One day a schooner flying French colours anchored close to us with a cargo of slaves on board, and sent to us for provisions and medical assistance, which we gave them. Being under French colours we could not molest them, although our mission
AN ABOMINABLE TRAFFIC
was for the suppression of the slave-trade. This abominable traffic was at that time carried on by the French under the title of the "Free Emigration Trading Company," and years afterwards, when I was in command of the East India station, this scandalous state of things still existed, ship-loads of slaves being conveyed from the mainland to Madagascar in Arab dhows sailing under French colours, and it was more than our cruisers dared to interfere with them. The unfortunate slaves on board this schooner were all naked, and were huddled together regardless of age or sex. Many of them were in the last stages of disease, suffering from dysentery, and looked as if they would soon be released from their sufferings. They had been captured on the coast of Mozambique, and were being taken to Bourbon to work on the sugar plantations, from whence they never returned.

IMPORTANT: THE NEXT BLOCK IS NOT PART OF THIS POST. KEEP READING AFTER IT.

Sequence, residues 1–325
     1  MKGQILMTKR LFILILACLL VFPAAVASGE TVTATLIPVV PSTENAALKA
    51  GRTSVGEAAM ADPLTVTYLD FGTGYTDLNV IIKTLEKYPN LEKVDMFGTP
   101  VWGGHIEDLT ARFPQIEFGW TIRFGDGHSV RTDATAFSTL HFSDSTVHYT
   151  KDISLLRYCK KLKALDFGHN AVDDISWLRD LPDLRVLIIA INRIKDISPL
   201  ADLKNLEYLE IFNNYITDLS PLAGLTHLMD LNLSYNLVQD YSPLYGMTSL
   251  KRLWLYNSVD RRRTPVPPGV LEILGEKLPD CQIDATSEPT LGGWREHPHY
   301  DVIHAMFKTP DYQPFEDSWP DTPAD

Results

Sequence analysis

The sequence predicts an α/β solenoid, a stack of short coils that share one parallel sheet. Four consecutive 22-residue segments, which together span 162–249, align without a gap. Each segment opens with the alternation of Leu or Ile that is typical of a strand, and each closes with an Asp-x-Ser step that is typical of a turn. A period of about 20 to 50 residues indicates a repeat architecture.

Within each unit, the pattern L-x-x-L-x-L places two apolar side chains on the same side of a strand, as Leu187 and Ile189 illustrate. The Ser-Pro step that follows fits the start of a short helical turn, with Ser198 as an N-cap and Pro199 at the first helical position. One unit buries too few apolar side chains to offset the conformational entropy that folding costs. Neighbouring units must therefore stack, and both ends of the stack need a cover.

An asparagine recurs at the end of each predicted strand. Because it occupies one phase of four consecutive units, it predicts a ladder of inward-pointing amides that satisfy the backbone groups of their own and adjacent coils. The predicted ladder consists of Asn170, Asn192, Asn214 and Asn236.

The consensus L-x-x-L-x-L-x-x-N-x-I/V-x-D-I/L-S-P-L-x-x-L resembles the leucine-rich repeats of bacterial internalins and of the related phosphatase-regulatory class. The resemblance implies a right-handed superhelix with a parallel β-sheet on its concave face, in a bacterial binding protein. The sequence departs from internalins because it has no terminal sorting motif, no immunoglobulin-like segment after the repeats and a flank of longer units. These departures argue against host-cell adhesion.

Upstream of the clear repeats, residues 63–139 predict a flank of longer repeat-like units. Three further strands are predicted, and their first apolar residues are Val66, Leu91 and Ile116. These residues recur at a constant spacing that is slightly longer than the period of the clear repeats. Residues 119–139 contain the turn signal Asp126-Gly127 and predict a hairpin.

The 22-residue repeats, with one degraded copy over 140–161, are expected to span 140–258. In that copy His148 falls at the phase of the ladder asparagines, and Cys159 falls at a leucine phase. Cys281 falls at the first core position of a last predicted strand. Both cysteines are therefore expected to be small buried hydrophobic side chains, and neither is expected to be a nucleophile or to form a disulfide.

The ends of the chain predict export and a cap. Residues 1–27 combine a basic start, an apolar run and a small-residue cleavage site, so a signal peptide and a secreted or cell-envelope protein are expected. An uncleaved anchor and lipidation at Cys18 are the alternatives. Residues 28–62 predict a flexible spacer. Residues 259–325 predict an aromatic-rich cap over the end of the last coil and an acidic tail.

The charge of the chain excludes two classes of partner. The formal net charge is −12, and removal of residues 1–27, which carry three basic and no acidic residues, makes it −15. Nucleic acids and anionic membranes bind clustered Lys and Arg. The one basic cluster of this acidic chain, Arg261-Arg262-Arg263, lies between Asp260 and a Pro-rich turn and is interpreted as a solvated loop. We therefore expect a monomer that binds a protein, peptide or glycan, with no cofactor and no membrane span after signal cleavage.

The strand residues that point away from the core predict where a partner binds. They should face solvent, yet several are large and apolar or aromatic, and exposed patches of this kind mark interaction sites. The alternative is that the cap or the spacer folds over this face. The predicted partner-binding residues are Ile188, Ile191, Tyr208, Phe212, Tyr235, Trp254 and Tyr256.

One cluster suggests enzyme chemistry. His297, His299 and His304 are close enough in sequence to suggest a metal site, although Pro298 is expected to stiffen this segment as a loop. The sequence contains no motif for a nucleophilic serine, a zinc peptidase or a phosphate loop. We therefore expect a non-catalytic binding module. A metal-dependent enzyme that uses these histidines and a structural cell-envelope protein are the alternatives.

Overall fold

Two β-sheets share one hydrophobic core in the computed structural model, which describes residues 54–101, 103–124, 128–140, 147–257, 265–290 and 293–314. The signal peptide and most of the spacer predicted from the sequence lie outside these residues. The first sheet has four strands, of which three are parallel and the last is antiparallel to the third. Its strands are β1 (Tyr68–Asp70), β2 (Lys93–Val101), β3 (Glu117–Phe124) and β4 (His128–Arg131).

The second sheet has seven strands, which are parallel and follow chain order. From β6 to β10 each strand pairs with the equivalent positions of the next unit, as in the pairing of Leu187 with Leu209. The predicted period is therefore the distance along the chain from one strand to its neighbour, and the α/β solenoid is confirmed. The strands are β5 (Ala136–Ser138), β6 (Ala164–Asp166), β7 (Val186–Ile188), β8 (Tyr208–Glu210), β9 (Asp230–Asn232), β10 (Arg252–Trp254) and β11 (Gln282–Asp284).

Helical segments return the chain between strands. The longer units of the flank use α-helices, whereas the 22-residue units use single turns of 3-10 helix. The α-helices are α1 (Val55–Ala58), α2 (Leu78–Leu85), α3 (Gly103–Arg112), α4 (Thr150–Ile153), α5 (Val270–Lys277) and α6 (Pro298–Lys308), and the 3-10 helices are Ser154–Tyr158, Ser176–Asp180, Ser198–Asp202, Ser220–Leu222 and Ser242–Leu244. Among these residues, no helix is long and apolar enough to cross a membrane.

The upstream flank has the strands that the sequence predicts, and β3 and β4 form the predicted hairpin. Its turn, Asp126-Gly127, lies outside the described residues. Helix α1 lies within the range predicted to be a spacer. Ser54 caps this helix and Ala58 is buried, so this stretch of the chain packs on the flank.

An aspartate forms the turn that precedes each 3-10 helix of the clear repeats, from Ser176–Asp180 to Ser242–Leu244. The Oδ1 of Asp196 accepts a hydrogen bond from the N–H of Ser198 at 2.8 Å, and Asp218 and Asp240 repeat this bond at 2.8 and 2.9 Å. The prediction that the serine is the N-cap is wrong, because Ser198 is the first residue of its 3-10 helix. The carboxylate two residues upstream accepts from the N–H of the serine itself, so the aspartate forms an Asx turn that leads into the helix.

On 7th May H.M.S. Ariel arrived from the Cape to escort us to Mauritius, and after an uneventful passage we reached Port Louis, and once more docked in the Trou Fanfaron.
Sailors Pursued by Natives.